Eltz Castle is a storybook location with a storybook history. The edifice sits on a 230-foot-high rock spur above the Moselle River, and it has been handed down through 33 generations. Plus, as a “Ganerbenburg” castle, the Eltz was jointly owned by three distinct family branches who divided its 100 rooms among them.

Image: Aka

13. Lichtenstein Castle, Germany


The German author Wilhem Hauff excelled at writing fairytales, but it was his romantic historical novel Lichtenstein that supplied the inspiration for Lichtenstein Castle. This mist-swathed fortress was built in the early 1840s by Duke Wilhem of Urach, a cousin of King Wilhem I, and it enjoys an enchanted clifftop setting in southern Germany.

Image: Flickr/Fougerouse Arnaud

12. Mont Saint Michel, France

Mont Saint Michel occupies a strategic and sparsely occupied tidal island in Normandy and dates all the way back to the 8th century. But plan your visit carefully, for this French masterpiece can only be reached at low tide. Today, Mont Saint Michel offers a snapshot of feudal society: God, monastery and abbey are at the top of the island, the noblemen are beneath them, and the townsfolk reside at the bottom.

Image: Wikimedia/Max_Ryazanov

11. Guaita Fortress, San Marino


Guaita is the oldest of three fortified towers on Monte Titano, and it enjoys an incredibly romantic location above the city of San Marino. This fairytale tower is ringed by battlements and is believed to date back to the 10th century. And, if you’re lucky enough to visit on a public holiday, you’ll see it rouse to life with a stunning display of artillery volleys.

Image: Flickr/SteveD91

10. Hohenzollern Castle, Germany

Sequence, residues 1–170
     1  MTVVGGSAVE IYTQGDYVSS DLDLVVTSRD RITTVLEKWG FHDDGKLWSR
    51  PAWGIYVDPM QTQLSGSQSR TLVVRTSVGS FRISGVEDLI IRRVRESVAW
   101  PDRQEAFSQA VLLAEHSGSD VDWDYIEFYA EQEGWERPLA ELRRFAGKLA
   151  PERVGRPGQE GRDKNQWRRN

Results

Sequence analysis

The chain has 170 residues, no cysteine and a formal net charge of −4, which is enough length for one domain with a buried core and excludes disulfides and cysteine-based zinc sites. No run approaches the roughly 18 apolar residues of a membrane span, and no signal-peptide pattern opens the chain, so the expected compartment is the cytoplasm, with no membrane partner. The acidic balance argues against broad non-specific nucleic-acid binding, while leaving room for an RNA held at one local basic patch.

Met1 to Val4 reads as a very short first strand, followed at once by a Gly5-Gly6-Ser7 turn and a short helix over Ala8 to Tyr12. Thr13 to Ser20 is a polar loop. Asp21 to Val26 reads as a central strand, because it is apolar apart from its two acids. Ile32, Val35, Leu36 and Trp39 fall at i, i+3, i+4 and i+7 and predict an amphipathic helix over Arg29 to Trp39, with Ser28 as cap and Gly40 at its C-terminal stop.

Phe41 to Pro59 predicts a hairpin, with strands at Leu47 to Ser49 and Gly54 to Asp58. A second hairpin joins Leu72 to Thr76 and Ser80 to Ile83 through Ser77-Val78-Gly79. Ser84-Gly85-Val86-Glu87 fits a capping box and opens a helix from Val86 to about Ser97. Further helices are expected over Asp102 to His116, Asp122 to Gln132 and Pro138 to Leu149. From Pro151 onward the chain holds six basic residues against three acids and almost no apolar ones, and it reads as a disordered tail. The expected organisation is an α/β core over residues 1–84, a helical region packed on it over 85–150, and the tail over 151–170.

Hohenzollern is nestled on a 770-foot-high bluff in the high foothills of the Swabian Alps, while its profusion of fairytale spires stretch even further into the sky. Unsurprisingly, this is among the most popular castles in Germany, and it attracts about 300,000 tourists annually. These days, Hohenzollern also serves as a unique vacation camp for impoverished children from Berlin, who come to stay during the summer.

Image: Flickr/Marc Poppleton

9. Chateau de Chenonceau, France


The enchanting Chateau de Chenonceau is truly fit for a princess. This castle is the most visited chateau in France after the Palace of Versailles, and it was declared an official monument as early as 1840. The expansive formation spreads the width of the River Cher in the Loire Valley, while its architecture blends late Gothic and early Renaissance styles. And completing this fairytale package, the castle boasts a wealth of sublime gardens and its very own maze.

Image: Pixabay/remiou

8. Chateau de Pierrefonds

The medieval Chateau de Pierrefonds was nearly demolished in the early 17th century, but thankfully the task was never completed. The chateau did, however, lie in ruins for more than 200 years until Napoleon III finally commissioned its costly rebuilding. And while the finished battlements may look like something from a storybook, they are actually faithful reconstructions of the military architecture erected during the Hundred Years War.

Image: Flickr/Paul Wordingham

7. Dunrobin Castle, Scotland